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|A CurtainUp Review
An Evening with Jerry Herman
By Les Gutman
His life work includes seven-plus musicals. Three of them (Hello, Dolly!, Mame and La Cage aux folles) were mega-hits. He's one of a rare breed of composer/lyricists who have had three shows running simultaneously on Broadway. He's the only one to have had three shows run for over 1500 performances. He has won not only Tony's, but also Grammys. A revue of his work (Jerry's Girls) has already been presented on Broadway. His life story is told, in exceptional detail, in his memoir (linked below). He has stared death in the face, and the grim reaper blinked. He's back on Broadway, giving a campy, nostalgic, romantic refresher course. And his audience is going to eat it up.
Sitting at the piano with two (undoubtedly) personally-chosen vocalists (Lee Roy Reams, who also directs, and Florence Lacey) along for the ride, Jerry Herman puctuates the real story of his life -- the songs -- with now-familiar anecdotes. This Evening includes selections not only from his long-running shows but also from those that never found an audience. Herman's pride and joy are evident as he sings, plays the piano and, most of all, listens to his friends singing his songs. He tells gossipy, amusing stories. Even though the material is both over-scripted and a bit shop-worn by now, no one seems to care: these are just the signposts on this trip down a melodic memory lane that has the audience humming and even singing and clapping along.
Lacey's fine voice, personality and expressiveness serve her, and Herman, well. For this show, she gets the lion's share of the sweeter, more romantic numbers. (Squeezing next to Herman on the piano bench, as an example, she joins him for a lovely "Song on the Sand.") She also gets ample opportunity to belt in the full, poignant, dramatic range of her voice (most notably in a thrilling "If He Walked Into My Life"). She proves herself a worthy addition to the long impressive list of Jerry's girls.
Reams has reserved for himself most of the big, showy numbers, male and female, and almost all of the show's comic highlights. As it happens, he seems far less comfortable on the softer side. His performance commences creakily with an opening duet from Milk and Honey followed by a medley from Hello, Dolly! with which he seems particularly ill-at-ease. This is quickly forgotten when he punches out a series of terrific impersonations of the many "Dolly" voices that have graced the stage. Camp then takes center stage as he and Herman become "Bosom Buddies" and remains in command all the way to a wildly successful rendition of the title song from La Cage (with still more impersonations, this time delivered with an enormous red feather boa in tow).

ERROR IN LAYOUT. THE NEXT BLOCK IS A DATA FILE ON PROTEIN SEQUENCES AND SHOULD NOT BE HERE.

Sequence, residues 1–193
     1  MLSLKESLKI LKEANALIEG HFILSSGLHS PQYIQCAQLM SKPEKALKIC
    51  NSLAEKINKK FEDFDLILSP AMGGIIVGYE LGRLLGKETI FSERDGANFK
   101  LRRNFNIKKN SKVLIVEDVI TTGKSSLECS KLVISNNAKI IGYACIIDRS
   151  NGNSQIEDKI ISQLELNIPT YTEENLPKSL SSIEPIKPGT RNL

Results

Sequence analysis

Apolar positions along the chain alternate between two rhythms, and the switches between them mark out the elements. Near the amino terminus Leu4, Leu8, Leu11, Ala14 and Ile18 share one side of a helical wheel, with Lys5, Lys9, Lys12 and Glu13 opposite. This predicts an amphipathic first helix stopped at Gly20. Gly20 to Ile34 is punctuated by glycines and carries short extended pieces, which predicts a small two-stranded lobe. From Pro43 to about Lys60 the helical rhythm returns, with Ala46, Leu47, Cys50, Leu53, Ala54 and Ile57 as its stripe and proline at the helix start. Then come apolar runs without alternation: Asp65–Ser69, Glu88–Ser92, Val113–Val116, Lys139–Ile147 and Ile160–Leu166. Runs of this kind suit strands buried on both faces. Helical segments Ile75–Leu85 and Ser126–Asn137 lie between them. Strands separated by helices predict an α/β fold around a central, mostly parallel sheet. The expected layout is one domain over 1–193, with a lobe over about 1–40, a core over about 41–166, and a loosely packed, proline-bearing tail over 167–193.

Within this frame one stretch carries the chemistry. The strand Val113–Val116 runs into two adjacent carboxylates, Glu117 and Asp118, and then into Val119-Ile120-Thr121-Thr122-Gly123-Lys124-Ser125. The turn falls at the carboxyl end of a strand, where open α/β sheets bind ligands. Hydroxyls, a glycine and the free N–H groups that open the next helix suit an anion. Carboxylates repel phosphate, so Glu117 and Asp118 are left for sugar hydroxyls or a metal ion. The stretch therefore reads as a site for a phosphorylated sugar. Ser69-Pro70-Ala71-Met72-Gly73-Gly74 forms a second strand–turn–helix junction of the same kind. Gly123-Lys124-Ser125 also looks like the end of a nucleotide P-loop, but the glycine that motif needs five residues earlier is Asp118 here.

Herman joins his colleagues for the much-loved title songs from Hello, Dolly! and Mame as well as a few others, and reserves a duet for both of them. His reminiscence about Hello, Dolly! includes a funny look back at all of the jingles and theme songs it has spawned (among others, Oscar Mayer's "Hello, Deli" and the LBJ campaign song, "Hello, Lyndon," sung here in full Texas twang by Florence Lacey). He also sings alone, including the (as it turns out) autobiographical "I'll Be Here Tomorrow" from The Grand Tour, the show's only oblique reference to the cause of this celebration: Herman's triumphant rebound from not only AIDS but also heart disease.
In the end, it is a party with friends, onstage and in the audience. Taking its cue from his song, "It's Today," this party doesn't need much more justification than that.